Collective responses of a large mackerel school depend on the size and speed of a robotic fish but not on tail motion Articles uri icon

authors

  • KRUUSMAA, MAARJA
  • RIEUCAU, GUILLAUME
  • CASTILLO MONTOYA, JOSE CARLOS
  • MARKNA, RIHO
  • HANDEGARD, NILS OLAV

publication date

  • October 2016

issue

  • 5 (056020)

volume

  • 11

International Standard Serial Number (ISSN)

  • 1748-3182

Electronic International Standard Serial Number (EISSN)

  • 1748-3190

abstract

  • So far, actuated fish models have been used to study animal interactions in small-scale controlled experiments. This study, conducted in a semi-controlled setting, investigates robot 5 interactions with a large wild-caught marine fish school (similar to 3000 individuals) in their natural social environment. Two towed fish robots were used to decouple size, tail motion and speed in a series of sea-cage experiments. Using high-resolution imaging sonar and sonar-video blind scoring, we monitored and classified the school's collective reaction towards the fish robots as attraction or avoidance. We found that two key releasers-the size and the speed of the robotic fish-were responsible for triggering either evasive reactions or following responses. At the same time, we found fish reactions to the tail motion to be insignificant. The fish evaded a fast-moving robot even if it was small. However, mackerels following propensity was greater towards a slow small robot. When moving slowly, the larger robot triggered significantly more avoidance responses than a small robot. Our results suggest that the collective responses of a large school exposed to a robotic fish could be manipulated by tuning two principal releasers-size and speed. These results can help to design experimental methods for in situ observations of wild fish schools or to develop underwater robots for guiding and interacting with free-ranging aggregated aquatic organisms.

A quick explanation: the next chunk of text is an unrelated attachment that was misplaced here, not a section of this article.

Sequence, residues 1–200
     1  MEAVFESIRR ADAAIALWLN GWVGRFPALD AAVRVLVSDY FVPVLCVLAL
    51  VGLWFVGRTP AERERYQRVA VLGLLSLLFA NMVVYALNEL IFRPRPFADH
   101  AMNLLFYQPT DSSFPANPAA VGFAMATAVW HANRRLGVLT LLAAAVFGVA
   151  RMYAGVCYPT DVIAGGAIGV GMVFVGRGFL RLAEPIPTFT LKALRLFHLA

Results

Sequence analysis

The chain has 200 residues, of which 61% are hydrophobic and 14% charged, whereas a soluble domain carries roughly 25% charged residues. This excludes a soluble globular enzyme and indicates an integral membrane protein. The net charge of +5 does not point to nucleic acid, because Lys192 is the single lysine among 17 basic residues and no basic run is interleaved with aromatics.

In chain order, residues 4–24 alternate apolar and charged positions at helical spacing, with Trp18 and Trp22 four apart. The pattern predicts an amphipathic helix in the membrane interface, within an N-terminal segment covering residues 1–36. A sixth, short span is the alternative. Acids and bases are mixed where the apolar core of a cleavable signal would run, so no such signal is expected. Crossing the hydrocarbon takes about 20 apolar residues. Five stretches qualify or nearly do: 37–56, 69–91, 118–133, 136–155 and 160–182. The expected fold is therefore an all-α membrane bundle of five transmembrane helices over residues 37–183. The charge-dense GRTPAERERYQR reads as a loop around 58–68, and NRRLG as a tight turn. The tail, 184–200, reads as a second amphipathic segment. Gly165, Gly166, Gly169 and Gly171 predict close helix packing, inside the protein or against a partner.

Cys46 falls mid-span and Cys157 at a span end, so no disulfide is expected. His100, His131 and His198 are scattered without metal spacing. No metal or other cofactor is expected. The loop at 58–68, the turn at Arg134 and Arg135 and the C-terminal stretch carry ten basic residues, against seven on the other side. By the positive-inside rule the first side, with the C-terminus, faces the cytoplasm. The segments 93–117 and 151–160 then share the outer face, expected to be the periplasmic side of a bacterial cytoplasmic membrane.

keywords

  • biorobotics; collective behaviour; animal-robot interaction; atlantic mackerel; underwater robot; fish robot; information-transfer; killer whales; aspect ratio; behavior; escape; performance; frequency; atlantic; shoals; score